Subpages cleanup: Complete Monster get usage counts
edited 15th Jan '13 1:45:24 PM by Fighteer
- Gol and Maia: Both warped by a Psycho Serum leading up to their villainy. I vote cut.
- Praxis: Saw him cited as Well-Intentioned Extremist in the character page, albeit with an emphasis towards the latter for his iron-fisted rule. Can't see much beyond brutal tyrant who filled in at the event of the Metal Head seige, so I lean cut.
- Kor: From looking at the series' wiki, this may be the only keeper out of the four, but then again I'd have to rely on the input of those who have played the games for an opinion.
- Count Veger: Cited as Well-Intentioned Extremist, albeit wanting to kill Jak for personal reasons. I would lean towards cutting based upon this characterization.
edited 2nd Oct '12 9:01:48 AM by EarlOfSandvich
edited 2nd Oct '12 10:46:03 AM by 32_Footsteps
edited 2nd Oct '12 9:58:10 AM by Krystoff
- Lawyer Goodwill from Warner Bros. short "The Case of the Stuttering Pig. He at first presents himself gentle and kindly towards Porky Pig and his brothers. But then he reveals his true colors when he intends to kill them all in order to obtain their rich uncle's fortune. So he transforms himself with a formula into a psychotic, hideous Mr Hyde - like monster and tries to get'em all. In his monster form he evolves from a Smug Snake into a terrifying Large Ham who wants to kill all the pigs basically For the Evulz. He also frequently warns the audience in a creepy and harsh manner they can't help his victims. When he kidnaps some of Porky's bros he also sadistically explains how he intends to kill'em doing the throat-slitting gesture. Luckily he gets defeated by the guy in the third row he used to keep insulting.
- For Myron: I'm kind of on the fence on that one, as we never did see the killings attributed to the process of making Jet. On the other hand, he not only brings that up himself, he bragged about it while demonstrating a knowing disregard of human life
- For Vulpes: Yes, I did bring him up when I started posting on this thread, and discussion did allow for his entry, but although we see him in Nipton's ruin fresh from his subversive campaign, the only way of knowing of his attack at Camp Searchlight (aside from talking to Legate Lanius in the end) is from his own written orders found in the ruin. Never played a Legion playthrough yet, so I can't really add on to thoughts about his collaborative plot with the Omertas to chlorine bomb New Vegas.
- For Salt-Upon-Wounds: His actions, particularly what he had done to New Canaan, did set the scene for Honest Hearts, and he had no plan for his own people aside from joining the Legion by any, even downright sadistic and dishonorable, means. However, given the scenario of the New Canaan massacre occurring before the game, I'm not sure if that means he can stay.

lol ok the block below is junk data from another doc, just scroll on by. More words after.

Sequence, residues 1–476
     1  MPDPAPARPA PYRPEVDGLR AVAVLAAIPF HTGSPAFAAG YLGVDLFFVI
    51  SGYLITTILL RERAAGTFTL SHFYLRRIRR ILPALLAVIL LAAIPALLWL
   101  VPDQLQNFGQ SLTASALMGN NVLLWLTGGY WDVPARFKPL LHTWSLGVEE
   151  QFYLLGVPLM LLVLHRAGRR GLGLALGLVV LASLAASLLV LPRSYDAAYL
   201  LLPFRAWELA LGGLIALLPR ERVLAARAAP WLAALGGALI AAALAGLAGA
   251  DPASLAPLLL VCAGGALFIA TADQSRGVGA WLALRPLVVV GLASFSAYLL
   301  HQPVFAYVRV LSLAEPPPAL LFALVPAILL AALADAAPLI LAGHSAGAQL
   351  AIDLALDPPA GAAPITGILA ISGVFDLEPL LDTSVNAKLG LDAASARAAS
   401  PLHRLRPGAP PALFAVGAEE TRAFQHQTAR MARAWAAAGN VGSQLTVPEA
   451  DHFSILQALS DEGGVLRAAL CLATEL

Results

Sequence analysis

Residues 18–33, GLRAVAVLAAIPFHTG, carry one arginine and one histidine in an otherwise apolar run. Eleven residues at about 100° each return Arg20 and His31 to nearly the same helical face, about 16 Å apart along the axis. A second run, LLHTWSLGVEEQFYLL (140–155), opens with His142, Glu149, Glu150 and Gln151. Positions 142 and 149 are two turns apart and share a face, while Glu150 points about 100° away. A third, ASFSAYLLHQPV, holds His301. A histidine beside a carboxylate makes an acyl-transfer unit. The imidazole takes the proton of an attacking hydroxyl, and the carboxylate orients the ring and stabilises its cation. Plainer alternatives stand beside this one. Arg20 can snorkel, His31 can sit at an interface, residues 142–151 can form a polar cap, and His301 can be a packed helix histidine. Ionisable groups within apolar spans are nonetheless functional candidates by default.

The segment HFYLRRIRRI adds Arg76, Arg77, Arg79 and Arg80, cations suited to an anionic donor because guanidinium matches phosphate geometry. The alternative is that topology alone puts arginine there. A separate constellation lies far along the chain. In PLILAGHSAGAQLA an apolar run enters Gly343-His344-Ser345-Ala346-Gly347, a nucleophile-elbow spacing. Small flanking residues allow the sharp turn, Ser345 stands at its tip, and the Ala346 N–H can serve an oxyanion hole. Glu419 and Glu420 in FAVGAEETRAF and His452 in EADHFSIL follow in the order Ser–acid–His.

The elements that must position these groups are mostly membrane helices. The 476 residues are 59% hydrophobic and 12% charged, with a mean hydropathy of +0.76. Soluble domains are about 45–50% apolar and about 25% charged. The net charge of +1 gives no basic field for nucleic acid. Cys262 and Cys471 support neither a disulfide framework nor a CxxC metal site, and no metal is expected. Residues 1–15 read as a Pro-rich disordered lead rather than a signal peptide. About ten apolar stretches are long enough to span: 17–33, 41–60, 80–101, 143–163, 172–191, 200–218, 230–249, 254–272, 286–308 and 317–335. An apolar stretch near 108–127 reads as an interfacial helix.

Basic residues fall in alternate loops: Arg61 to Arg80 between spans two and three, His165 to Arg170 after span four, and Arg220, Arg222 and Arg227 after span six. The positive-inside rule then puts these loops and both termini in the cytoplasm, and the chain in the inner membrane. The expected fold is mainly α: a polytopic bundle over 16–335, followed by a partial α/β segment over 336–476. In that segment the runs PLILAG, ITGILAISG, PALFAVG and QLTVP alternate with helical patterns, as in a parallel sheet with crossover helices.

edited 2nd Oct '12 11:48:33 AM by EarlOfSandvich
edited 2nd Oct '12 12:01:05 PM by DrPsyche
edited 2nd Oct '12 2:32:37 PM by OccasionalExister
edited 2nd Oct '12 2:38:25 PM by Camberf
- Moral Orel
- Clay Puppington, the father of series protagonist Orel Puppington, arguably ascends to this position in season 3, with his Jerkassery being heightened beyond regular standards. Although Clay has very sympathetic reasons for why he ended up the way he did (having been psychologically abused by his father, who blamed him for the death of his wife (and Clay's mother) and essentially forced into a married life he despised by a desperate Bloberta), Clay's actions go well beyond the realm of the sympathetic and can only be described as pure evil. In the season 2 finale "Nature", Clay takes Orel on a hunting trip. When kind-hearted Orel doesn't want to kill any animals, an increasingly intoxicated Clay takes this as a sign of weakness and berates Orel with increasing frequency. The terrible but fateful night culminates in an argument which ends with Clay accidentally shooting Orel, his own son, in the leg. Instead of getting help or even asking if he's all right, Clay actually mocks his son while he's in agonizing pain before passing out. He drank the bottle of disinfectant that Orel brought in his first aid kit. He even says to him to leave it. It doesn't end there, either — Orel is forced to protect his unconscious father from a bear that night (again, after having been shot in the leg) whom Orel is forced to shoot, despite not wanting to. Clay wakes up with no memory of the night before. The incident results in Orel having a limp for the rest of his life. What really takes the cake, however, is that it's subtly implied that Clay does remember what he did, but both refuses to take responsibility for it and seems not to hold any regret over it whatsoever. The event is so traumatic that it changes the very tone of the entire series for the remainder of its run to a much more straightforwardly dark one.